Group exhibition
with total installation:
ID: E19.3


We Will Not Change Our Show

February 5 — March 24, 2019

Brno House of Art (Dům pánů z Kunštátu), Brno, Czech 

Gyula Muskovics, Martin Vaněk

Veronika Šrek Bromová, #FLUID (Alex Bălă, Paul Dunca/Paula Dunker), Jan Matýsek, Ruben Montini, Kateřina Olivová, Gyula Muskovics & Tamás Páll & Viktor Szeri, Karol Radziszewski, Sergey Shabohin, Lilla Szász and Express Yourself

Sergey Shabohin:
total installation
Fear of Castration:

The exhibition is an international group project of two curators and several Czech and foreign artists linked by their work with LGBT themes and gender issues. The aim is to present and examine the issues of the freedom of artistic expression, freedom of speech, confidentiality, privacy and openness from the position of LGBT. The curators and the selected artists are convinced that exactly at this time it is necessary to use art to express one’s political beliefs and to defend artistic freedom. From the onset the exhibition will be approached as both a purely artistic and a political act which should send a clear and strong message regarding the position of freedom. It will encompass selected earlier works by the artists as well as works created most recently or even in situ and it will accompany the concurrently running exhibition Feminist Avant-garde in the House of Arts on Malinovského Square.

The exhibition “We Will Not Change Our Show” brings together artists from Central and Eastern Europe, working in a variety of media and elaborating on diverse aspects of their own queer identity expression. The curatorial position is based on the idea of freedom of speech and artistic expression, assuming that the discussion on LGBT issues is a litmus paper of tolerant society. The exhibition title is a free paraphrase of American pop icon Madonna's words when referring to the same issue (Madonna: Truth or Dare, directed by Alek Keshishian, 1991). Just as we do not change our show, we will not change our queer identity following the needs of the heteronormative society. It does not matter whether you are gay/lesbian, heterosexual, young or old, addicted to love, sex, pop culture, philosophy or science – the freedom of every such individual means freedom of the whole.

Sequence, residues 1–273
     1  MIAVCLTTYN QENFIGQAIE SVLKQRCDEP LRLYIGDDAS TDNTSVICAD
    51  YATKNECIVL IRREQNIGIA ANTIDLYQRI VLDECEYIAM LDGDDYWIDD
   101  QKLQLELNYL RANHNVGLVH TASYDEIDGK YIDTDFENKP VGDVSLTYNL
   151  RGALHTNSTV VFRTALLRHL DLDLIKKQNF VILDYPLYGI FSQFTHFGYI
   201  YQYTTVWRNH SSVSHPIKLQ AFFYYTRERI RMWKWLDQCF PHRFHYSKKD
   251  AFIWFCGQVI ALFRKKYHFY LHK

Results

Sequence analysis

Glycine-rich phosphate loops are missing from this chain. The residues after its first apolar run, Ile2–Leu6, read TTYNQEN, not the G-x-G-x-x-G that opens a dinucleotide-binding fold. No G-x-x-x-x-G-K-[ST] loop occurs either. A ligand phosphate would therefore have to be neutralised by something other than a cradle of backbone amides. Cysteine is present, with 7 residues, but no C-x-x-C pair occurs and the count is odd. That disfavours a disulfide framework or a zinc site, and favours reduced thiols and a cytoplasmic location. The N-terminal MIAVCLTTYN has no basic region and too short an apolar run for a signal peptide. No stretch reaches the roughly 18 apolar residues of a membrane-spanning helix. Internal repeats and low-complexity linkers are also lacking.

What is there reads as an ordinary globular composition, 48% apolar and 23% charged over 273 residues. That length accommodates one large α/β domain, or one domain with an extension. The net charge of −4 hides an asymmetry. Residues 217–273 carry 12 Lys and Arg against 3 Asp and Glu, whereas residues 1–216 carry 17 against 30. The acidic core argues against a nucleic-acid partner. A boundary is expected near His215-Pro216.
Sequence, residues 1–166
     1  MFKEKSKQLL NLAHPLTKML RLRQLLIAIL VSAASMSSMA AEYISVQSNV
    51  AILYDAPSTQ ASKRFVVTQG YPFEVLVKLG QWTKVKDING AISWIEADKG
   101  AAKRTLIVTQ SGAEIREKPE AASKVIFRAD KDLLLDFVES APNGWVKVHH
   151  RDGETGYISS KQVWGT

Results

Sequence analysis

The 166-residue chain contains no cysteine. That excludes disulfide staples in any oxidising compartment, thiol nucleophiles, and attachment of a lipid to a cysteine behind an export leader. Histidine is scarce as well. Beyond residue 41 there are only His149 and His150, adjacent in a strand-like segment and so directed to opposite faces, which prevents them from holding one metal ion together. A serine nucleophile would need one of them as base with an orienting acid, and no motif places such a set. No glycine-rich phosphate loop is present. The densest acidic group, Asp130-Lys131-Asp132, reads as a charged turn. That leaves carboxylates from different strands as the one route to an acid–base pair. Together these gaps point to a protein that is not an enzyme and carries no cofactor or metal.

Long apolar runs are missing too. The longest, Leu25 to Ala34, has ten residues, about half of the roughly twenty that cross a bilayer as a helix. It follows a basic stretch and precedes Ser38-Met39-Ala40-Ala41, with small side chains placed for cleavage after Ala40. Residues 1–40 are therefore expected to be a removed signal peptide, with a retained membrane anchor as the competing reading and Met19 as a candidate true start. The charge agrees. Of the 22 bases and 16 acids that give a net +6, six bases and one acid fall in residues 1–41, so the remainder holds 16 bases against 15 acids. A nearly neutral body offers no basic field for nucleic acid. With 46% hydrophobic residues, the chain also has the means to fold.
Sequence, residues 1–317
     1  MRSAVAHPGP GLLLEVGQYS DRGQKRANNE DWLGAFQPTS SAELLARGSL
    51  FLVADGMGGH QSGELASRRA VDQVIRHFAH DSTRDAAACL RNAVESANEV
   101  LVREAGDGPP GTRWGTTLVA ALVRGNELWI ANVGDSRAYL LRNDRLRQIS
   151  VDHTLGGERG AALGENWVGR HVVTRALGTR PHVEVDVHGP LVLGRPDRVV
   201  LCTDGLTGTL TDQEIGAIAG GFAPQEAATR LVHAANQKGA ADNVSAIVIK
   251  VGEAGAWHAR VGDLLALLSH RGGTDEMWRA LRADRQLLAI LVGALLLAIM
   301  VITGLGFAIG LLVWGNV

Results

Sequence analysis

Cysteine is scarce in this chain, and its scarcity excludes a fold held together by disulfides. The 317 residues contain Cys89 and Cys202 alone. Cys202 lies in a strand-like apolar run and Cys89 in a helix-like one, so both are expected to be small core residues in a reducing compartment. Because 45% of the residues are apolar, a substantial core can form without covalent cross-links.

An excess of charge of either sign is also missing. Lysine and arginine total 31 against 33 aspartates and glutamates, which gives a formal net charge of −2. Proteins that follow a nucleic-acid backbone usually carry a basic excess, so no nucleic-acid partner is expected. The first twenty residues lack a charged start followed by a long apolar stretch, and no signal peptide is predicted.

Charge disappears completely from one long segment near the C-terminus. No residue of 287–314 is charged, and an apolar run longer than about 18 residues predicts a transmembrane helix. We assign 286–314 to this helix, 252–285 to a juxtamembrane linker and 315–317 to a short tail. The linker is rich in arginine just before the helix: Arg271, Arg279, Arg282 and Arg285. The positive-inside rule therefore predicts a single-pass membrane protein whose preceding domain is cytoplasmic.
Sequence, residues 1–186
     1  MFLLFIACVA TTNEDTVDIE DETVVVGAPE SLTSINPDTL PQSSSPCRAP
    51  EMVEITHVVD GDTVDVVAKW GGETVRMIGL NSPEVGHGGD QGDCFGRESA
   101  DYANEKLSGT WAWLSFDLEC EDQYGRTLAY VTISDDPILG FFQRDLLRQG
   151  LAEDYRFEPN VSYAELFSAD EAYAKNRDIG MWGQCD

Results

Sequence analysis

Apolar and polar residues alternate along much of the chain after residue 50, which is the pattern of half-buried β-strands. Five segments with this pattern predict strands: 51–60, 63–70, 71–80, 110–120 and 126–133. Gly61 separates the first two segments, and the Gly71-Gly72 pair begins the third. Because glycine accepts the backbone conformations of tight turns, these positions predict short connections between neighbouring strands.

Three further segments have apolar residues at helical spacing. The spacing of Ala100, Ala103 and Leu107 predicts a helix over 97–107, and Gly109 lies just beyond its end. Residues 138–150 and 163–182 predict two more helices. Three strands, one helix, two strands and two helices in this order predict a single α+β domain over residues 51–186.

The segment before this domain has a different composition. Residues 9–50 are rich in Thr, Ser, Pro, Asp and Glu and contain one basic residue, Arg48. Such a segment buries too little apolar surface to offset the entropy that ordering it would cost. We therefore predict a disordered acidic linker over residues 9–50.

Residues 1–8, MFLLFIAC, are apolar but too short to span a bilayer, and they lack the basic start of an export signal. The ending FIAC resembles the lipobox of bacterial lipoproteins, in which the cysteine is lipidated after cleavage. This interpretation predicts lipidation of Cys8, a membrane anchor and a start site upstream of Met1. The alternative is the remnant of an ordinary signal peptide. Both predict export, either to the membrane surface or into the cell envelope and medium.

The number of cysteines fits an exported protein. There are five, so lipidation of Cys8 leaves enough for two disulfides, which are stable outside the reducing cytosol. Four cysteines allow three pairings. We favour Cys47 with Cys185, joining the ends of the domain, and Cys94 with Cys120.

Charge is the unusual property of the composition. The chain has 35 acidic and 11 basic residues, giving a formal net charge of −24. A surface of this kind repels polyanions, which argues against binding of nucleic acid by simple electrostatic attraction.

Although in Eastern Europe homosexuality was decriminalized relatively early – already in the 1960s – it paradoxically remained a taboo in the former socialist bloc until the mid-1990s. The current situation of LGBT minorities in Eastern Europe is diverse. While the queer community in the Czech Republic is fighting for the rights to marry and adopt children, in other countries of the former Eastern Bloc gay identity still experiences lack of understanding and tolerance and is still fighting for fundamental rights and freedoms.

The exhibition aims to present the queer issue in its current context of Central and Eastern Europe. On the one hand, we are interested in the use of public space and the possibilities it provides for the expression of queer identity thirty years after the fall of the Iron Curtain, and on the other hand we are also interested in what is hidden from the eyes of the heteronormative society. Spaces such as darkrooms are not just places intended to merely hide sexuality from other people’s eyes. Secrets usually inform about how much freedom of expression and speech we actually have. At the same time, an act invisible to the eyes of the majority society, taking place between individualistic anonymous characters, constitutes an experience that is not communicable. It speaks mainly about the relationship between the majority and minority. We therefore believe that darkness has the same political potential as light. It is obvious that this environment is based on the same hieratic, normative and traumatic principles as the ordinary public space.